Beaumont and Port Arthur, and consists of the following three counties: 
Hardin, Jefferson, and Orange. See 56 FR 56694 (November 6, 1991, 
codified for Texas at title 40 of the Code of Federal Regulations (CFR) 
in Sec. 81.344).
    On August 17, 1994, the Texas Natural Resource Conservation 
Commission (TNRCC) submitted to EPA a petition pursuant to section 
182(f) which requested that the HGA and BPA nonattainment areas be 
temporarily exempted by EPA from the NOx control requirements of 
section 182(f) of the Act. The State based its petition on the use of a 
UAM demonstration showing, pursuant to EPA guidelines, that NOx 
reductions would not contribute to attainment in either area because 
the decrease in ozone concentrations resulting from VOC reductions 
alone is equal to or greater than the decrease obtained from NOx 
reductions or a combination of VOC and NOx reductions.
    The petition for the temporary exemption was approved by EPA and 
published at 60 FR 19519 (April 19, 1995). The approval was granted on 
a temporary basis because TNRCC had planned to complete additional UAM 
modeling that would be a basis for re-evaluating the contributions of 
NOx reductions to attainment between November of 1995 and May of 
1996 using the results of an intensive 1993 field study, the Coastal 
Oxidant Assessment for Southeast Texas (COAST). The data collected 
through the COAST study consist of hourly point source emissions, 
gridded typical summer day on-road mobile source emissions, hourly air 
quality data, and detailed meteorological data for specific ozone 
exceedance episodes in the HGA/BPA domain. Because it is intended to be 
the most comprehensive data set available, it should result in greater 
accuracy in the modeling and therefore in the attainment control 
strategy. Since the modeling was expected to be completed by May of 
1996, TNRCC requested only a temporary NOx exemption. The EPA 
granted the exemption until December of 1996 and established that, if 
warranted, NOx RACT compliance should be as expeditious as 
practicable, but no later than May 31, 1997. The exemption applied to 
NOx RACT, NSR, I/M, and general conformity. The exemption also 
applied to transportation conformity since, at that time, the 
transportation conformity rule cited section 182(f) as the appropriate 
authority for granting such relief. The transportation conformity rule 
was later amended to reference section 182(b)(1) for areas subject to 
182(b)(1).

II. Applicable EPA Guidance

    The Act specifies in section 182(f) that if one of the conditions 
listed below is met, the new NOx requirements would not apply:
    1. In any area, the net air quality benefits are greater without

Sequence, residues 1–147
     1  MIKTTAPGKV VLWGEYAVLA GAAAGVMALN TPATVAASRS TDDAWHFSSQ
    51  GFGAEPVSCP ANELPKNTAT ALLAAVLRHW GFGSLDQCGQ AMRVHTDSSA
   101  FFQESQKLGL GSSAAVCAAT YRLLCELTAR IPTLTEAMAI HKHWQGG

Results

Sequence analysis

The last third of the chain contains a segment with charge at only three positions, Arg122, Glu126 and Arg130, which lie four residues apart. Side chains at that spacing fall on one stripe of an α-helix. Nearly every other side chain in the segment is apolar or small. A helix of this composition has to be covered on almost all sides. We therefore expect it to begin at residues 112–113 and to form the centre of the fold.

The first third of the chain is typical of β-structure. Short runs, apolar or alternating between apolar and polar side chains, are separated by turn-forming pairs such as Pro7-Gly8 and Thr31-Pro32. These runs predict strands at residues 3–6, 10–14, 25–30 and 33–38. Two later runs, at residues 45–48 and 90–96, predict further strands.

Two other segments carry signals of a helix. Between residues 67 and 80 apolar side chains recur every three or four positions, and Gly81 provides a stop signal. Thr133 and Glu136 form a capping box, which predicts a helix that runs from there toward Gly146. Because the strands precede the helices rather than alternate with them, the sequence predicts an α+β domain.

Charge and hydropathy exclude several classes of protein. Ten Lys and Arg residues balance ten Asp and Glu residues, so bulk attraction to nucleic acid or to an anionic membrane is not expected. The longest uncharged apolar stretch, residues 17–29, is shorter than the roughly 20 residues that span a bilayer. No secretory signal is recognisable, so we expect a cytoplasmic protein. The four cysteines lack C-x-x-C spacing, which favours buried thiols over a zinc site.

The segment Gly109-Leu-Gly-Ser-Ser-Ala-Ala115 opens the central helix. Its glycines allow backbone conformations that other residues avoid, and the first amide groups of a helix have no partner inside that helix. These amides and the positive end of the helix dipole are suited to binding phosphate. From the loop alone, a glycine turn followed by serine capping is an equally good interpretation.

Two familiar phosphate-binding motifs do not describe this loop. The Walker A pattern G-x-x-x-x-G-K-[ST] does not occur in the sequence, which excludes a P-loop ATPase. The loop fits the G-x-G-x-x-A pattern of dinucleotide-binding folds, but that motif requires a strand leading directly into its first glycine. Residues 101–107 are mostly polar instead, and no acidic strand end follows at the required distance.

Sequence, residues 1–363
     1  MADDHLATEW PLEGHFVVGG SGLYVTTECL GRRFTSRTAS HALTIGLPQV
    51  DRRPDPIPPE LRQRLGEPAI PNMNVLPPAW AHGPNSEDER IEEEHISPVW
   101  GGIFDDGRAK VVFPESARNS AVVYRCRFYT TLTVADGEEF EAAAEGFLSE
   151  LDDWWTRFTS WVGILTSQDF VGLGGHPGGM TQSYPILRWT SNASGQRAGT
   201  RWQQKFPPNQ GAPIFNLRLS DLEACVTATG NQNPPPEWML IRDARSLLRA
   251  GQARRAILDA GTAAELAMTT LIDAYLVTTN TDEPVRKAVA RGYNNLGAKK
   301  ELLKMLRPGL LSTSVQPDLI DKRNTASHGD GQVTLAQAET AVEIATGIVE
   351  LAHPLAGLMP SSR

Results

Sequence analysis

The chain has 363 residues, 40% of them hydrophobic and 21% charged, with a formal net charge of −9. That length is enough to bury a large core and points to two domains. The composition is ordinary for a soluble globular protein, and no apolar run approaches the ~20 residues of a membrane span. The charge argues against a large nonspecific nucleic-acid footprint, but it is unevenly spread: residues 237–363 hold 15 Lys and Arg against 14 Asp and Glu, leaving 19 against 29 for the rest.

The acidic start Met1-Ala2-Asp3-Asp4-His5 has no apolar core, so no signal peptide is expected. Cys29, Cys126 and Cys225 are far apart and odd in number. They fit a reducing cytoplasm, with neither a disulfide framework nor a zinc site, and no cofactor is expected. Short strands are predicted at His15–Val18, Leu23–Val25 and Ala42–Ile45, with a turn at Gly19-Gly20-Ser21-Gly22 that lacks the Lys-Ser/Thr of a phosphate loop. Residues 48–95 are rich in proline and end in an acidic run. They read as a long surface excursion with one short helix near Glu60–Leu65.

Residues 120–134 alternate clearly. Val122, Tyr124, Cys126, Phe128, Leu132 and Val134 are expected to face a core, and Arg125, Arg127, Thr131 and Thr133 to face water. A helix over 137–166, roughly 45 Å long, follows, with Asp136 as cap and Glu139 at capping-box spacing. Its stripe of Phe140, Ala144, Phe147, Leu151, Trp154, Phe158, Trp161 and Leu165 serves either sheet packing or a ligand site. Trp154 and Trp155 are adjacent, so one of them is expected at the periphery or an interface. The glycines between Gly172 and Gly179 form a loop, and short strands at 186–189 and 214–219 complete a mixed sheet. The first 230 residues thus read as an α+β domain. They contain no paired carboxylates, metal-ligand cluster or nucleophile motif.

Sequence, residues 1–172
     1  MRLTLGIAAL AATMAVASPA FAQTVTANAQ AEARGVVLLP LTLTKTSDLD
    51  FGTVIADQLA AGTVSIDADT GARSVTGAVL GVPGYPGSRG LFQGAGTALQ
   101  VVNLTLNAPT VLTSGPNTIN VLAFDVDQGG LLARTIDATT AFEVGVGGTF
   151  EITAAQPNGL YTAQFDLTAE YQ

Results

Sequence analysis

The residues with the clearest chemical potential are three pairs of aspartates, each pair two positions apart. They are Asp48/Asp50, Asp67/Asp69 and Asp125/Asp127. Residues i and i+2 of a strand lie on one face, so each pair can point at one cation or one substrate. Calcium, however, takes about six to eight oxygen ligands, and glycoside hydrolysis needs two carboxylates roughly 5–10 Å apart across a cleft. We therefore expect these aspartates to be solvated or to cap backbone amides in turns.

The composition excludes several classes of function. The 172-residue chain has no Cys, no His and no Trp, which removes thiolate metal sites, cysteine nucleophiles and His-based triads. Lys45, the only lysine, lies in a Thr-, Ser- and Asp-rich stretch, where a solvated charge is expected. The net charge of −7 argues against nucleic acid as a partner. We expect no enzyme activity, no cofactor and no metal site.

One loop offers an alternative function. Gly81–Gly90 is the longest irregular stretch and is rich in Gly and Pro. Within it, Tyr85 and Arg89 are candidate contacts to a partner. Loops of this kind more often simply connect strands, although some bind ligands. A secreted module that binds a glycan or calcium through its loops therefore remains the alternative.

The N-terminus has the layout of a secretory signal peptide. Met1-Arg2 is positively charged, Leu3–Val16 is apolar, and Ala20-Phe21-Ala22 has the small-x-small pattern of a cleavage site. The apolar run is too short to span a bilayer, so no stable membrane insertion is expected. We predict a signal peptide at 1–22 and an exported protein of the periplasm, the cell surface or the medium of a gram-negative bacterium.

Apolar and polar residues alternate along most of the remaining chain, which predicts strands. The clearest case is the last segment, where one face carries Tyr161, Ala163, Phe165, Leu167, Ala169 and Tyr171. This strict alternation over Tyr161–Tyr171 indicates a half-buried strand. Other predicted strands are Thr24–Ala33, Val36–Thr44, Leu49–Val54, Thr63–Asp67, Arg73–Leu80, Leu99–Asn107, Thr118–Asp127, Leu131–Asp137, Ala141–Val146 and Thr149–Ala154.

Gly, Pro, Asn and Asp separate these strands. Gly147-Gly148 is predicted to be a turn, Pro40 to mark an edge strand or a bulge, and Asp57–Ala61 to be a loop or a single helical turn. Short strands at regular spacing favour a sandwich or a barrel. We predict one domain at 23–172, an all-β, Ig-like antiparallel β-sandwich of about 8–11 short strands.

NOx reductions from the sources concerned;
    2. In a nontransport region, additional NOx reductions would 
not contribute to ozone attainment in the nonattainment area; or
    3. In a transport region, additional NOx reductions would not 
produce net ozone benefits in the transport region.
    In addition, section 182(f)(2) states that the application of the 
new NOx requirements may be limited to the extent that any portion 
of those reductions are demonstrated to result in ``excess reductions'' 
of NOx. The previously-described NOx provisions of the 
conformity rules would also not apply in certain areas that are granted 
a section 182(f)(3) or 182(b)(1) exemption (60 FR 57179). In addition, 
certain NOx provisions of the I/M rule would not apply in an area 
that is granted a section 182(f) exemption (57 FR 52989).
    The EPA's Guideline for Determining the Applicability of Nitrogen 
Oxides Requirements under Section 182(f) (December 1993), and 2 
revisionary memoranda signed by John S. Seitz, Director of the EPA 
Office of Air Quality Planning and Standards, dated May 27, 1994, and 
February 8, 1995, describe how the EPA will interpret the NOx 
exemption provisions of section 182(f). As described more fully in the 
Seitz

[[Page 65506]]

memoranda, petitions submitted under section 182(f)(3) are not required 
to be submitted as State Implementation Plan (SIP) revisions. 
Consequently, the State is not required under the Act to hold a public 
hearing in order to petition for an area-wide NOx exemption 
determination. Similarly, it is not necessary to have the Governor 
submit the petition.
    The application of section 182(f) NOx waivers to certain 
NOx requirements of the transportation conformity rule is no 
longer appropriate. The EPA has revised the transportation conformity 
rule to ensure consistency with section 176(c) (60 FR 57179). This rule 
revision makes it clear that areas that are subject to section 
182(b)(1) (moderate and above) must submit transportation conformity 
NOx exemption requests as revisions to the SIP. Because HGA is 
classified as severe and BPA is classified as moderate, the revision